A graphic novel is a complete comic work (often with multiple chapters) told with a beginning, middle and end. It is, basically, a novel in the sequential art form. And that basically means a series of static images, in which multiple actions are understood to occur in a single panel, or it may capture a single moment in linear or non-linear time. The space between panels (and this is the difference between comics and cartoons) is part of the storytelling, as the reader fills in the space or makes connections between the panels on their own. It isn't moving pictures with voice over and music.

A comic (or graphic novel) is not, ABC, a cartoon. Nor is it, WB, a Motion Comic.

Nor are, Hollywood, all comics a graphic novel. While it works terrifically well as such, Watchmen isn't even really a graphic novel. Its a collected, 12-issue series.

I understand the impulse, but I don't call your TV shows "a moving picture" or "talking painting" or "acted out book". So, you know... just try a little harder.

It looks neat, though. Depressing, but worth checking out.

Nothing on TV

Seriously. At least the Spelling Bee is on. And at this stage, how bad can you feel for the kids who lose? They're at the nationals for, chrissake.

Mom in Kenya

So... The KareBear is off to Kenya. She's with a church group, and they're going to be fitting people with glasses.

No, I have no idea how it works, but there you go.

I'm incredibly proud of KareBear as she's wanted to take part in some sort of mission work since high school. Sure, it could be argued that she's more than fulfilled that goal in her own backyard, but I think this was a particularly specific way she wanted to do it.

Most impressive is that she's decided to do it alone. The Admiral and KareBear are two peas in a pod, so I was a bit skeptical about how this would work if The Admiral remained at base, but so far, so good.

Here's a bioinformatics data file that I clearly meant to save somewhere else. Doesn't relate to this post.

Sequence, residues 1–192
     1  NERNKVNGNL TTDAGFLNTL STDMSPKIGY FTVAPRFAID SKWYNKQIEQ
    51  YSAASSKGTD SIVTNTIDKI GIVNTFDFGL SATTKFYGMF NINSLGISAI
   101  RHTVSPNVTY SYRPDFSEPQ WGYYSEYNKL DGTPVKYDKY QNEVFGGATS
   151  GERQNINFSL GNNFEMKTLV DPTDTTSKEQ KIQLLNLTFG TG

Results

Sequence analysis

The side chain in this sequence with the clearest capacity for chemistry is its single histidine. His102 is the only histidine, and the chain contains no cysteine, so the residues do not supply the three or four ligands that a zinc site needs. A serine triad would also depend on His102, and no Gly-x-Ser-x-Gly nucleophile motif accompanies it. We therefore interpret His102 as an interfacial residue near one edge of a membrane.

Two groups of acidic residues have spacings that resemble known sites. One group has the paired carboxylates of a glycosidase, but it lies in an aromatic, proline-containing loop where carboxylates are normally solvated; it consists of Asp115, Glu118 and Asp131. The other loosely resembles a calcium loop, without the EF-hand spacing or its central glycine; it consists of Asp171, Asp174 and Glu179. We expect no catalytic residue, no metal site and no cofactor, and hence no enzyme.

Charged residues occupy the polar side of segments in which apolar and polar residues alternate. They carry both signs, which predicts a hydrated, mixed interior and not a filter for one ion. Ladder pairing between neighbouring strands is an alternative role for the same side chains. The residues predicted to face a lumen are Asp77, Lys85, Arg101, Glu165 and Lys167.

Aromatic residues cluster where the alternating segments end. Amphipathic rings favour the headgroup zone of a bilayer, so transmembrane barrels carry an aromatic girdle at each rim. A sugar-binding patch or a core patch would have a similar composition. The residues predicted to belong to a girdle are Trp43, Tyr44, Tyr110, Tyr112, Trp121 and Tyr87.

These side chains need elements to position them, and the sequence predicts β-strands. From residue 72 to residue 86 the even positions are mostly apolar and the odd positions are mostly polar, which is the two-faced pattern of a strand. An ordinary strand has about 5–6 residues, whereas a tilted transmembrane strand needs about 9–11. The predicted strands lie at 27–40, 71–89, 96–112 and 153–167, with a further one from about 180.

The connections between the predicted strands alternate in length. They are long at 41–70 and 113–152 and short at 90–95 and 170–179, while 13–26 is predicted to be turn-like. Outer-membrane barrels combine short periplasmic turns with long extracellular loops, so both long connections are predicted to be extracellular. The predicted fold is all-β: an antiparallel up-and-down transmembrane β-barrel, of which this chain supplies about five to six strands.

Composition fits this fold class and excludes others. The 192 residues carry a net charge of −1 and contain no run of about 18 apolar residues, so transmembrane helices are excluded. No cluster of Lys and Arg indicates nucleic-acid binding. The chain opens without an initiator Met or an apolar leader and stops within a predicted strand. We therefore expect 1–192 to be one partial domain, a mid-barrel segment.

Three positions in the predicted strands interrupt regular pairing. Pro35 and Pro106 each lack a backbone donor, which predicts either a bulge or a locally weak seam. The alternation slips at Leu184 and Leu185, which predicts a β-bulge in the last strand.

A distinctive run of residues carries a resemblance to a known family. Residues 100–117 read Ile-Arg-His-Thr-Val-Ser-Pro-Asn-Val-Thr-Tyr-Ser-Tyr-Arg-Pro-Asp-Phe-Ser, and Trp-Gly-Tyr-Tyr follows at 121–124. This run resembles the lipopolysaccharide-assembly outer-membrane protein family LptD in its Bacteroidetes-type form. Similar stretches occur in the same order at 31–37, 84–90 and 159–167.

Wishing her the best of luck.

Wednesday, May 27, 2009

No Post Wednesday Evening

So here's Darwyn Cooke's portrayal of Wonder Woman. And, no, don't waste your bullets.

Tuesday, May 26, 2009

Making Lemonade

This is my new favorite thing.

An old favorite thing.

Even more Bonnie Tyler

Steven suggested I watch the video for "Total Eclipse of the Heart". And after having watched it...

A) This looks vaguely like something I'd have cooked up in film school had I accidentally eaten a bunch of peyote and got my hands on a modern dance troupe.

B) Bonnie Tyler's hair is awesome. It defies gravity, wind and modern science.

C) I have no @#$%ing idea what this video is about, but Steven is right. It is awesome.

I do dig the suggestion of something really amazing going on here, I just have no idea what it is.

I also never really understood this video, either:

another day at the office for Jim D

Jon and Kate - staying together for the kids

So... that post-scandal season premiere was sort of horrible. TLC has moved from exploiting the cute kids to exploiting the wreck that being on television has created of the family.

Its kind of weird and sad. At any rate, the show is about something else entirely this season.

Monday, May 25, 2009

Things I Like That I'm Not Sure Why

Most things, if you ask why I enjoy them, I could tell you why I've come to enjoy them. You guys have to sit through very long posts on Trek, etc... where I discuss that sort of thing.

But some things you like, and you've never bothered to analyze why. Here are some of those things...

Bonnie Tyler's "Total Eclipse of the Heart".

Yeah, a 20 secnd bit from "The Mighty Boosh" inspired this whole post.

Tilda Swinton

We watched "Burn After Reading" the other night, and I found myself quite pleased Swinton was in it. I haven't seen that many movies with Swinton, but I like her.

Spaghetti (with meatballs)

Its just meat, noodles and tomato sauce with some oregano. Its still one of my favorite foods.

Ghost Hunters

Seriously. Its just dudes scaring themselves in the dark.

Fourth of July Concerts

Local, certainly. But I also watch whatever they have on PBS when I get home on the night of the 4th.

Ozzy's "Mama I'm Coming Home"

News 8 Austin

Austin has a local 24-hour news channel. If you think CNN has a time finding material for its 24-hour cycle, then you can imagine the challenge of finding enough to cover in Austin. So we get "Pet of the Week" and a lot of coverage of events in the community such The Great Texas Dog Walk, marathons, holiday events, etc... Its on a shoe-string budget, but... seriously. I feel very well informed about my hometown, but why do I feel compelled to watch it virtually every time I turn on the TV?